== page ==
The Simple Art of Cooking: Flounder From The Salty Sea

I visited Natalie and Steve Judelson’s salt farm in Amagansett and was delighted to see the process of their natural salt, which required only sun, wind and a strong back, as Steve harvests the salt from the waters in Amagansett. It was fun to see the tiny hoop houses on stilted tables where large food-grade black plastic trays hold the salt in different stages of the salt process. The salt is entirely made by hand. I find myself using the salt more and more as a finishing salt, as the grains are nicely milled and tactical to pick up and spray from my fingers.

Scott Chaskey of the Quail Hill Farm in Amagansett is the Salt Farm’s next door neighbor. Scott alighted from his big red tractor and hopped over to greet us. I reminded him of how he introduced me to garlic scapes when I was working on my book, Savoring the Hamptons: Discovering the Food and Wine of Long Island’s East End, and how they’ve become a popular farm stand item. He quickly hopped over to the Quail Hill side of the fence to bring back an armload of garlic scapes. (There’s a wonderful recipe for them with beet greens in Savoring.) This time, at Scott’s suggestion, I seasoned the curlicue scapes with extra-virgin olive oil, salt and pepper and threw them on the grill for about 4 to 5 minutes until they were charred. They do tend to be a bit chewy, and a subtle garlic flavor comes through. (Garlic scapes are the edible flower stems that garlic plants produce before the bulbs mature.)

The aroma from our seasonal local flounder simply wafts of the salty sea. The simplicity of the recipe below, which is seasoned with just salt, pepper, a smear of sour cream and Dijon mustard, and then it is broiled and drizzled with lime juice, is not to be missed. Serve it with baby zucchini, summer squash and fresh herbs from your garden and voilà, a delicious simple supper.



Easy to cook and delicious to eat.

Serves 4

4 to 6 large or 8 small fresh flounder fillets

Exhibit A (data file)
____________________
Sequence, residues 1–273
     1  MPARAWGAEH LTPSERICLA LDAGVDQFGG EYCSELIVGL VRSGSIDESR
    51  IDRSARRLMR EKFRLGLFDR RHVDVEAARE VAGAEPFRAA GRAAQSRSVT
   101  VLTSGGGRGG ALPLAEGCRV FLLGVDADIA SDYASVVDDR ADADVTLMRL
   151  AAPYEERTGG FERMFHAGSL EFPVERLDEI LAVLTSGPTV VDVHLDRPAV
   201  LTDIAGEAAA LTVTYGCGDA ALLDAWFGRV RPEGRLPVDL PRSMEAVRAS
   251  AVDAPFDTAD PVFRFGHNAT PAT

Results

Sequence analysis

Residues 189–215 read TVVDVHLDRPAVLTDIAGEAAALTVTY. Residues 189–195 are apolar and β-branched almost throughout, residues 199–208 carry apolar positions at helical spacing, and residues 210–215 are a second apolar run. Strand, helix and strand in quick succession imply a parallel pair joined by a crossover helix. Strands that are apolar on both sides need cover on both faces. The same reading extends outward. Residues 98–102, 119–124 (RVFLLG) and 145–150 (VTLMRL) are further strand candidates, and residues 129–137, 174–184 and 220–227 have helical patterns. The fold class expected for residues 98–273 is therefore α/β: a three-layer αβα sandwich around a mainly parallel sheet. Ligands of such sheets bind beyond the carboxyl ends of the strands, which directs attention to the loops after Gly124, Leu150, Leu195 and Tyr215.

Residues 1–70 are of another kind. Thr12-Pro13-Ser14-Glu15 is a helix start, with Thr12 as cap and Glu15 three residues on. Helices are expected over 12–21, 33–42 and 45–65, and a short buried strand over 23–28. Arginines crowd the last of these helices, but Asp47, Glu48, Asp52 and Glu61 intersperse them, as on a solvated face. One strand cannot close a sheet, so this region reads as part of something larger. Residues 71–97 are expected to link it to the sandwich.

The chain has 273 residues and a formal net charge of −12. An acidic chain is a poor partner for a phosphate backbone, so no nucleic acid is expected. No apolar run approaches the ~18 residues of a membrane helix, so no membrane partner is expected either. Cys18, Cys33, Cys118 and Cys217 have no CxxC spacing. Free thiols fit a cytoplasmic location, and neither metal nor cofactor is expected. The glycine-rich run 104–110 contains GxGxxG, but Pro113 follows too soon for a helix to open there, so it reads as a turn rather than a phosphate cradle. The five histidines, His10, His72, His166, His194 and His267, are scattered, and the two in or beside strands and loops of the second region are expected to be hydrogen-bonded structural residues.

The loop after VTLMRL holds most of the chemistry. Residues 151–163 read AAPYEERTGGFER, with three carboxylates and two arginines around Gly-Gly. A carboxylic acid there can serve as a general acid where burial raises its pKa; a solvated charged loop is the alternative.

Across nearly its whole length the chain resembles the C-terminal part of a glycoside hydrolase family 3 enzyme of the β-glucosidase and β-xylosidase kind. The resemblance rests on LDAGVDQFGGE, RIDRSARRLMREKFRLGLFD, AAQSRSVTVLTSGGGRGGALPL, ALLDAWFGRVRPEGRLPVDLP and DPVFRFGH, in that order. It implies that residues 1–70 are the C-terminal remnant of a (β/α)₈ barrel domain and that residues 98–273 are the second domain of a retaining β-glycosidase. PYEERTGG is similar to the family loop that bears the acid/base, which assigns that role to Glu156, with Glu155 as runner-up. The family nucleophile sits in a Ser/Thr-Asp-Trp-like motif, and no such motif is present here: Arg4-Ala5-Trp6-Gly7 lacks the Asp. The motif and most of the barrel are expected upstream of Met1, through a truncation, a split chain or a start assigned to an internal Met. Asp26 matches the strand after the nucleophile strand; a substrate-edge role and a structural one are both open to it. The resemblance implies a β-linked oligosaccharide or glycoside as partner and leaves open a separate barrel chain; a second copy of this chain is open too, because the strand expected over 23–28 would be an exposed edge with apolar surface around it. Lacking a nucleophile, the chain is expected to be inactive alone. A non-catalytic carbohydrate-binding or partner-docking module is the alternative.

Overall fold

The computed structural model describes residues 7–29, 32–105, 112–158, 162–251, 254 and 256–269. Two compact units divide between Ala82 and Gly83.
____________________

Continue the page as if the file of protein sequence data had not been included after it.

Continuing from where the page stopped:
Kosher salt and freshly ground pepper to taste

1 tablespoon sour cream

2 teaspoons Dijon mustard

1 to 2 tablespoons lime juice

Local sea salt

Coarsely chopped parsley for garnish

Adjust oven rack to 3 to 4 inches below broiler element. Preheat broiler.

1. Rinse fillets and pat dry with paper towel. Place the fillets one layer deep, on a parchment paper lined baking sheet. Season each fillet with salt and pepper.

2. Mix the sour cream and Dijon mustard, and spoon a thin layer over the top of each fillet.

Spread a thin layer of the mixture over each fillet. Place under the broiler for 5 to 6 minutes. Lightly poke a finger to test for doneness. If the fish springs back, it is done.

Remove from oven and sprinkle each fillet with the lime juice, a light sprinkle of sea salt and chopped parsley. Suggested serving: baby zucchini with summer squash and baked sweet potato.

Note: I had flounder leftovers even two days after they were prepared. They were absolutely delicious out of the fridge.



I stopped off at Balsam farms in Amagansett the other day and there were these adorable baby zucchini, which I couldn’t resist.

Serves 4

8 mini zucchini and summer squash

1 1/2 tablespoons extra-virgin olive oil

Kosher salt and freshly ground pepper

2 tablespoons mixed chopped herbs, such as basil, chives and tarragon

1. Scrub zucchini and squash clean with a vegetable brush and dry with paper towel. Trim the ends and discard them. Slice the zucchini thin on the diagonal.

2. Heat oil in a skillet over medium heat and put in the zucchini and yellow squash. Stir and toss the vegetables until tender and lightly golden on both sides, about 4 to 5 minutes. Season with salt and pepper to taste.

3. Stir in herb mixture and toss gently until vegetable is well coated with the herbs.



Versatile and refreshing, this light compote can be served with fish or meat. Or, for dessert, over ice cream.

Yield: about 6 cups


1 1/2 pounds rhubarb, leaves discarded

1/2 to 3/4 cup sugar

1/4 teaspoon cinnamon

1/4 teaspoon nutmeg

Grated zest of 1 navel orange

Juice of 1 large navel orange


1. Rinse rhubarb stalks and cut into 1-inch pieces. Put into a heavy saucepan with sugar, cinnamon, nutmeg, orange zest and orange juice. Simmer over low heat until the rhubarb has broken down, about 8 to10 minutes. Taste to adjust sweetness as necessary. For dessert, serve warm or chilled over ice cream or frozen yogurt, if desired.

Note: leftovers can be refrigerated for 1 to 2 weeks.


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